Over the years, she had forgotten how important that goal was to her.
“It was a nice gift from the universe that I found that letter to myself so many years later,” Gavle says.
It was the sign she needed to start pursuing what she loved.
By July 2013 she had opened Eldorado. Even before she had truly opened people began to trickle in. Gavle describes the people who first came into her store as “extreme tourists,” people from outside the United States — mainly Europe and Australia, or “extreme locals,” people that lived within the city limits.
However, she nonetheless tried to cater to everyone.
“When I first opened there weren’t a lot of shopping experiences in Detroit,” she explains.
She wanted Eldorado to be a place where both a seven year old and a 70 year old could come in and find something that they enjoy. These days the store is filled with people from all across Detroit and the suburbs, and Gavle still tries to stock her General Store with things that will delight almost anyone.
While the store may be the physical manifestation of her pursuit of happiness, the act of traveling out West is just as crucial to Gavle’s new way of life.
“It’s inspiring to me, it makes me think differently, and allows me to create and hopefully share those things with others,” she explains.
Sitting in the van doorway, holding the burning sage, Miele echoes this sentiment: “Traveling really is just another layer of our lifestyle. The van is our home. We can stay wherever we want to now.”
With their van, they have the freedom to go where they like on a whim and interact and buy from store owners and artists in person. Some places always remain on the list — Joshua Tree, California; Laramie, Wyoming; Durango, Colorado; and Portland, Oregon. Other places Gavle chooses are based on the stores she wants to visit and the artists she wants to meet in person.
“I think we are all craving connection even though we are so connected in the digital age,” Gavle says. “I think that personal interaction is what we are all craving.”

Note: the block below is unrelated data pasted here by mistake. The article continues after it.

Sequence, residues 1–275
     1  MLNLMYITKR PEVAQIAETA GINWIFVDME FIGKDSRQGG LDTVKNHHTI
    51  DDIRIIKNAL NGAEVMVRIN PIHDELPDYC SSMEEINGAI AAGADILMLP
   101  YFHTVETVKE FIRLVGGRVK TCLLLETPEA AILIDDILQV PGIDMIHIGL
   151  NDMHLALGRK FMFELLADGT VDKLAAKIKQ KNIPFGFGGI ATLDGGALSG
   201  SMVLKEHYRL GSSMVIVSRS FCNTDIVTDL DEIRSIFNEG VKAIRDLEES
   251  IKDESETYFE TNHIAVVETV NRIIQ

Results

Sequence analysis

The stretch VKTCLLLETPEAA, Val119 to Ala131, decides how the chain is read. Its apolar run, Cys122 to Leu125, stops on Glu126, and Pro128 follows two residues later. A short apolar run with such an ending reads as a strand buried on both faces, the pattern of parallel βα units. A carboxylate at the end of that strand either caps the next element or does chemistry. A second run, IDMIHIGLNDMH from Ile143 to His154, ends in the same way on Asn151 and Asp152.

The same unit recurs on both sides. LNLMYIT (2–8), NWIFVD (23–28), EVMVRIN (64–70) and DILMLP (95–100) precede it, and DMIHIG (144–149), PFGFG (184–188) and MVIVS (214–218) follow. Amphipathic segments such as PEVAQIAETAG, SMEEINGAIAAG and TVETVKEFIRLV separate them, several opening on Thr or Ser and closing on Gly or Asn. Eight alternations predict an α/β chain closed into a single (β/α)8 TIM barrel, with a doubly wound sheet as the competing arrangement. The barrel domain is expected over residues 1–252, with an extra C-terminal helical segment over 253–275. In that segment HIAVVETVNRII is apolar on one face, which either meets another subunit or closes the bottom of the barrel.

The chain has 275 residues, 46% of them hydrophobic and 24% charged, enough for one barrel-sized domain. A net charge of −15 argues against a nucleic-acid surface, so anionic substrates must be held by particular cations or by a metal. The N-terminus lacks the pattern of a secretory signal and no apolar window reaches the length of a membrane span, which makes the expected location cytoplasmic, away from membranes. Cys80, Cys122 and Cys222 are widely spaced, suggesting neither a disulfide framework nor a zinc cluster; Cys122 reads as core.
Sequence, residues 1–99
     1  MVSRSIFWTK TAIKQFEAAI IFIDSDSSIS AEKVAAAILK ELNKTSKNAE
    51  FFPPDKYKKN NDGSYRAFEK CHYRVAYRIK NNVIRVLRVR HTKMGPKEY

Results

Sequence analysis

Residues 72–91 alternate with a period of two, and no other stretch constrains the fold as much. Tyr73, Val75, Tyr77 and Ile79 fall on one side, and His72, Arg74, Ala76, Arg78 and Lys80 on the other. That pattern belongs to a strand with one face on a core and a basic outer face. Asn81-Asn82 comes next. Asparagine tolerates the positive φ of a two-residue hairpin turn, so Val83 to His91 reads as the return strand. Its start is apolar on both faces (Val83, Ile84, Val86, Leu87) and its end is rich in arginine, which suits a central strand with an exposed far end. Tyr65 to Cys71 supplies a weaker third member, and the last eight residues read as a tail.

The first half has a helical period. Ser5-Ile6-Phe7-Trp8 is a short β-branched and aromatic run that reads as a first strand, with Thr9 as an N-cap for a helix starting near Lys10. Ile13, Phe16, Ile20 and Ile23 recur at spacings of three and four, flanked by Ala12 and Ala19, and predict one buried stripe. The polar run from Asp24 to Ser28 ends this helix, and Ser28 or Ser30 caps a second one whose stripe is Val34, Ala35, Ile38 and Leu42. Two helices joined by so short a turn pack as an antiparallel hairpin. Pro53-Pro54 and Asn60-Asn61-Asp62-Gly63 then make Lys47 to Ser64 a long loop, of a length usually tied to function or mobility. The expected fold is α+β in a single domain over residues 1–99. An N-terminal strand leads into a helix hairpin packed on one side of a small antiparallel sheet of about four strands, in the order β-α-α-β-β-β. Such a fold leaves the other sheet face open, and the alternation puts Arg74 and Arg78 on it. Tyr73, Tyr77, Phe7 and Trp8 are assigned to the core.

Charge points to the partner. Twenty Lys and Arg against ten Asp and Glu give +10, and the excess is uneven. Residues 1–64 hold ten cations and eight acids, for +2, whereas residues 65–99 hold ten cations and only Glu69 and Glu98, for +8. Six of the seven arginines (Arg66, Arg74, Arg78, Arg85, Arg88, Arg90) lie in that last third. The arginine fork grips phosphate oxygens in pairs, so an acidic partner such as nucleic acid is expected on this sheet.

These in-person visits have given the couple a leg up as they have allowed the two to have authentic interactions with people as opposed to connecting with them over the phone, by email, or Instagram. To this day, she has never been turned down by a single person.
Unlike its namesake, Eldorado does not symbolize the quest for unimaginable wealth, but the freedom for Gavle to follow her own dreams — the lifestyle she chooses to live.
She hopes that the store can be an example for others on their own quest.
“It can be the constant quest for many things,” she explains. “True love, happiness, it’s your holy grail that you spend your life seeking.”
Even though they are both drawn to the culture of the American West, Gavle and Miele always end up back where their journey began: Eldorado General Store. She believes that Detroit is the environment, community, and the city where she wants to continue to work on herself and her business. Detroit is one of, if not the only place she believes she can find such a strong community that will continue to support her at every turn.
The next step in her journey? Figuring out how to bring her love for Detroit to the places she visits out West.
“How do we share what we are doing in other places?” she asked, almost rhetorically. “Those are things we want to figure out how to do. I think that it is a really important thing to export — all these really talented creatives here in Detroit.”
In the meantime, Eldorado will remain a literal and figurative golden beacon, a place where Gavle can share her love for travel and Detroit with every person who walks through her doors.